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Social Media: Should I Accept All Connection and Friend Requests?

Social Media: Should I Accept All Connection and Friend Requests? image shutterstock 181100615

These questions and concerns come up often.

I just want to be connected to my family and close friends on Facebook.​

Should I accept a request from this person I don’t really know on LinkedIn?

I have no idea who this person is. Should I Circle him on Google+?

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They just keep following me on Twitter. Why would they do that when they have no idea who I am?

The first answer I will give you is that it really is your decision to make. I, nor any other marketing strategist, can tell you exactly what should be done in 100% of the cases. As you use these tools, and yes, they are just tools, you will begin to develop your own methods and philosophies about how they fit into your personal and professional life.

I can offer a few thoughts that might help you wade through your decision-making process.

It’s going to be different on different sites. ​If you feel like you want an intimate atmosphere on Facebook, then keep it that way. I will tell you, however, that some of the people I’ve “friended” there have become very close friends and contacts. If I hadn’t connected with them, I would have missed out on a great deal of information, perspective, personal and business camaraderie.

​On LinkedIn, we are all seeing invitations to connect from people we don’t know, or who we can’t even draw a path to connect how they might have found us. My recommendation here is to wade through each of them individually. If you sense they are after you only for the right to send you InMail but offer no value in terms of what they appear to be sharing, then think twice. If, on the other hand, you find them interesting in terms of your marketing and business development goals, and that also means pure education, not just that they will they become a client, then give them serious consideration.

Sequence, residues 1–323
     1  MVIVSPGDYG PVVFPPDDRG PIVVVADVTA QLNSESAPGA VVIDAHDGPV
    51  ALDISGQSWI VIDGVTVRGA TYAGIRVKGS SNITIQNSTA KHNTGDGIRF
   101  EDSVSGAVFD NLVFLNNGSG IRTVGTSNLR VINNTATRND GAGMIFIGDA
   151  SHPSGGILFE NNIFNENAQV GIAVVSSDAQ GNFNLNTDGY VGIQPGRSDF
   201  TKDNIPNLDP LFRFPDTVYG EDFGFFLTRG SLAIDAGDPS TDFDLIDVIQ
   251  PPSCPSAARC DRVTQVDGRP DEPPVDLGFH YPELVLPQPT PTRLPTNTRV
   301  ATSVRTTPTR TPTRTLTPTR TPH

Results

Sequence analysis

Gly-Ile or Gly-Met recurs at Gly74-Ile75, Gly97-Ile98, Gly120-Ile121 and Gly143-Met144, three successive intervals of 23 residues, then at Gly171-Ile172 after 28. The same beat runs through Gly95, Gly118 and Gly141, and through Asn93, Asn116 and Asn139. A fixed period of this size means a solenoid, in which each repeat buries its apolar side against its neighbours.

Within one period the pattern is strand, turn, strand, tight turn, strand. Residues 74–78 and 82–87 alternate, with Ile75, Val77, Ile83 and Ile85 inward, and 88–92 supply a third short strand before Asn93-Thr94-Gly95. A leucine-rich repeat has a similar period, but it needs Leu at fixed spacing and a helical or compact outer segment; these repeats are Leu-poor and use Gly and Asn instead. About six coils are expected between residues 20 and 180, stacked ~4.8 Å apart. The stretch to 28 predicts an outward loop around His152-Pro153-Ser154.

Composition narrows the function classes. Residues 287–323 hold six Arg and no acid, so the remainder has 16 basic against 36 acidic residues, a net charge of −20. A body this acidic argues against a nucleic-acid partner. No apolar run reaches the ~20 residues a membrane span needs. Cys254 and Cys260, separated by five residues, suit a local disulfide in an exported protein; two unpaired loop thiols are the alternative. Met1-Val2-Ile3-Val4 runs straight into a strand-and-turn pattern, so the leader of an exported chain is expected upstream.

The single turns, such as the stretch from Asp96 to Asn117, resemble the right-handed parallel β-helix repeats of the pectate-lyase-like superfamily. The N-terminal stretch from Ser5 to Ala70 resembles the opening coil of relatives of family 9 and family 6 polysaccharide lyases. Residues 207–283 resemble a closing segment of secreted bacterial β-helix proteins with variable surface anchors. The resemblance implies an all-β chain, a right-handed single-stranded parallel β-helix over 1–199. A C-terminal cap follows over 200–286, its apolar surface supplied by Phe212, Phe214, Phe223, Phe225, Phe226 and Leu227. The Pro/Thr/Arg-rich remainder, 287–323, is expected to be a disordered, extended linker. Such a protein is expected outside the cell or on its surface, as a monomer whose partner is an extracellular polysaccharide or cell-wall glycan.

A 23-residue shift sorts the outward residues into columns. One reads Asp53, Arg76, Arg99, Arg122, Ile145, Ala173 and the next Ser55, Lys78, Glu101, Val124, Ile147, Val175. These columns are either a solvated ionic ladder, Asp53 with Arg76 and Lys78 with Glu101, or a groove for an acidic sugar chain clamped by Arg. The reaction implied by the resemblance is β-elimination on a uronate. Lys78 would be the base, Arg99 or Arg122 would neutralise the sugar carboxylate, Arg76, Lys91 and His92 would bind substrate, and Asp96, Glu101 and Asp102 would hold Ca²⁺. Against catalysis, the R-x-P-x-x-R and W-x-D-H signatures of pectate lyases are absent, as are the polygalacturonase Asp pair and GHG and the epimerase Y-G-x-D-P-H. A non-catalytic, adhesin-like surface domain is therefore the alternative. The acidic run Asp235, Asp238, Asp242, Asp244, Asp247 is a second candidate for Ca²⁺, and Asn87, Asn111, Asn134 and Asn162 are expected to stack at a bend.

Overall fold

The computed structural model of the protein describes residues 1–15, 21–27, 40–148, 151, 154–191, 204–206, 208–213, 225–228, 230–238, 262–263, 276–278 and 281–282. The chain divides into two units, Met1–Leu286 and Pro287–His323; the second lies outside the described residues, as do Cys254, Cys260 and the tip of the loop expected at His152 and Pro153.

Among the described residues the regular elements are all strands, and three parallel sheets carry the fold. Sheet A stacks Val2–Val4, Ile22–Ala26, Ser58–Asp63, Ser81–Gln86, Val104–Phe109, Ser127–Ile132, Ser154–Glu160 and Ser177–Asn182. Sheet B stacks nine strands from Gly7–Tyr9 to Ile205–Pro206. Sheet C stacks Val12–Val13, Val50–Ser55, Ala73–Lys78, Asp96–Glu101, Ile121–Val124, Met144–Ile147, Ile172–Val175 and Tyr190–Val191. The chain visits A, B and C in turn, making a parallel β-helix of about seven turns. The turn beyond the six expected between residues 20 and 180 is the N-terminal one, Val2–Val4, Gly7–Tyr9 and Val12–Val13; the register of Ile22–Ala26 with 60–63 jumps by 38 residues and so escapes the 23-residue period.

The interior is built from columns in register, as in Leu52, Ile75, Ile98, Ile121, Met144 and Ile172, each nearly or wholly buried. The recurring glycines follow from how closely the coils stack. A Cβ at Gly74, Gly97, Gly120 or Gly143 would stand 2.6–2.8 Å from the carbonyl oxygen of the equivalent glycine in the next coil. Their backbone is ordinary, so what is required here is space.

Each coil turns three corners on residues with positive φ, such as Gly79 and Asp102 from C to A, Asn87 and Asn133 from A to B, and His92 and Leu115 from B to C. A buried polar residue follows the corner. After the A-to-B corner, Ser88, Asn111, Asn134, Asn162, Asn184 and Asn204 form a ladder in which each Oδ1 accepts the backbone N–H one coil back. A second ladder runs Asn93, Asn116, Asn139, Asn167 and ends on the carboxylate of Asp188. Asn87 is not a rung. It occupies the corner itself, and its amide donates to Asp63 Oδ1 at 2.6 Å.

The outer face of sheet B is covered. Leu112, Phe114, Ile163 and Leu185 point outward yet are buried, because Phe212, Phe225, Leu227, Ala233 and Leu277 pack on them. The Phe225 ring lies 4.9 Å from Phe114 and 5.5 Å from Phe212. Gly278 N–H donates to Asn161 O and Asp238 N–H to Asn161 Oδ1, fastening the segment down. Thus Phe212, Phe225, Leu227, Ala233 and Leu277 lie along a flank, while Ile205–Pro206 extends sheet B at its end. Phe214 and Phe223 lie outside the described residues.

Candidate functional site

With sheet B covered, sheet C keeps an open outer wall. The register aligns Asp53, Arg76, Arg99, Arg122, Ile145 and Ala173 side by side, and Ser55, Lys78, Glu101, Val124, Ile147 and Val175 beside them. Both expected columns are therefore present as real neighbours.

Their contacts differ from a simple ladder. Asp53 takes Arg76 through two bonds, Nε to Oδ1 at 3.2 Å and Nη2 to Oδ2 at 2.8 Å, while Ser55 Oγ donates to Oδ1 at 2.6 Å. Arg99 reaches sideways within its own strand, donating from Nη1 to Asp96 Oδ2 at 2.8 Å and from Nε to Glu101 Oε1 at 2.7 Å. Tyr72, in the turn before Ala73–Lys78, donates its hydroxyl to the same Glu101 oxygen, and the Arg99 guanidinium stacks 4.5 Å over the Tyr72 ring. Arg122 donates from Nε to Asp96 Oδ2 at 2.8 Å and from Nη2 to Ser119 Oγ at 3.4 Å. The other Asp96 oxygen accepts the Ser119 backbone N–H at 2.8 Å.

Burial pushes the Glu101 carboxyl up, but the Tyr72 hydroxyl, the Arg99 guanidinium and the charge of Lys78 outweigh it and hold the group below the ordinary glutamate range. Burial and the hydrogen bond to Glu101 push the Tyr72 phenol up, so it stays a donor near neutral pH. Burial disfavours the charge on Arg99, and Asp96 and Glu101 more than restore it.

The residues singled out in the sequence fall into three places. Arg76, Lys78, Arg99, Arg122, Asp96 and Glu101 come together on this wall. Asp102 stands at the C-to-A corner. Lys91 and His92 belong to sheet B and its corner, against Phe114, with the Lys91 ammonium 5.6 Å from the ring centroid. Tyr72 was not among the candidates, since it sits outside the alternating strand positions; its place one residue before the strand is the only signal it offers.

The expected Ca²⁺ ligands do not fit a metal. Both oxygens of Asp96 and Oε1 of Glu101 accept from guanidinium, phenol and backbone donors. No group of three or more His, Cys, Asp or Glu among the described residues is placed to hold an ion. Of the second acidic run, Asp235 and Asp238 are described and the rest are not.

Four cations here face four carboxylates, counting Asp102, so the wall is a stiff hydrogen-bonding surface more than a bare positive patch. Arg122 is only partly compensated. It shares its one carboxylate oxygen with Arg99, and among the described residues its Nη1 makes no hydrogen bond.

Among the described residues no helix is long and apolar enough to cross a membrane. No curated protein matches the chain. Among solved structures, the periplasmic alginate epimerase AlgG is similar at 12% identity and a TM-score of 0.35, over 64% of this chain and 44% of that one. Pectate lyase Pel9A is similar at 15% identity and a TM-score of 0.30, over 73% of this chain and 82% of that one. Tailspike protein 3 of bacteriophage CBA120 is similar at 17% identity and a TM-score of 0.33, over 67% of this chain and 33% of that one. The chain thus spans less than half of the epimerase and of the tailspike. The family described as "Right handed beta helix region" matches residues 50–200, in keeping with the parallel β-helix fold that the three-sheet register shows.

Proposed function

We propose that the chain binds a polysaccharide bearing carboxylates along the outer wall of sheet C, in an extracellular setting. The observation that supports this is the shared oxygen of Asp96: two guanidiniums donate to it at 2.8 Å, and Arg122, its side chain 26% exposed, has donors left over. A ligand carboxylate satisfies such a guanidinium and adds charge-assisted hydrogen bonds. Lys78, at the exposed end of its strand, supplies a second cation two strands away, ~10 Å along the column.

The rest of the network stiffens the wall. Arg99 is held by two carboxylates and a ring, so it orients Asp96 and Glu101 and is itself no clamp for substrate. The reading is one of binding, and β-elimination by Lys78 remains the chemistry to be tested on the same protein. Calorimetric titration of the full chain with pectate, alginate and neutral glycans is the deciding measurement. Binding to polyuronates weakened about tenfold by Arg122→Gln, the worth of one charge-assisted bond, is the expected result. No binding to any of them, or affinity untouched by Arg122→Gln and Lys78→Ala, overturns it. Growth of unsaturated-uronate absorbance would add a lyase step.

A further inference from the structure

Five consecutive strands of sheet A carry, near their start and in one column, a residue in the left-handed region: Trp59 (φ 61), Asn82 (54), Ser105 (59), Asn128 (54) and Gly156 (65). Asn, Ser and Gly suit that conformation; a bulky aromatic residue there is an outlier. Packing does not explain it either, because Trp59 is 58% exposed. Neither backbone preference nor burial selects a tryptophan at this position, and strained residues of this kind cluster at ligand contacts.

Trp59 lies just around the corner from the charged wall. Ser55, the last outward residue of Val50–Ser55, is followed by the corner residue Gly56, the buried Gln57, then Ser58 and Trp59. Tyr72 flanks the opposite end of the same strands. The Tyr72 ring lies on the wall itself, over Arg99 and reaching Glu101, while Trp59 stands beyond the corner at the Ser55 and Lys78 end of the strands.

Take Twitter and Google+ as examples of why connecting with those who are unknown isn’t always a bad thing. My Twitter feed is full of people I would never have thought to connect with in the early days. People followed me, I glanced at many of their profiles, and reciprocated. What I have found is that I have formed some interesting and friendly relationships with many of these people, and am happy that I tool the time to do so.

The mere act of connecting with people on any of these social networks means nothing. The act of connecting with them, talking to them, learning from them, asking questions, observing and sharing what they have to say with others, is what makes any of these connections worthwhile.

I wish I could remember who said this recently (if it’s you, please tell me below), but this is similar to face-to-face networking. If I walk into a networking event and spend the entire two hours connecting only with people I know, month-after-month, have I really​ spent my networking time wisely? Wouldn’t it be better if I ventured out from my familiar group of contacts and met those I don’t know, thus expanding my connections?

Is social/virtual networking​ really that different?

​Photo courtesy of PhotoDoc on Shutterstock

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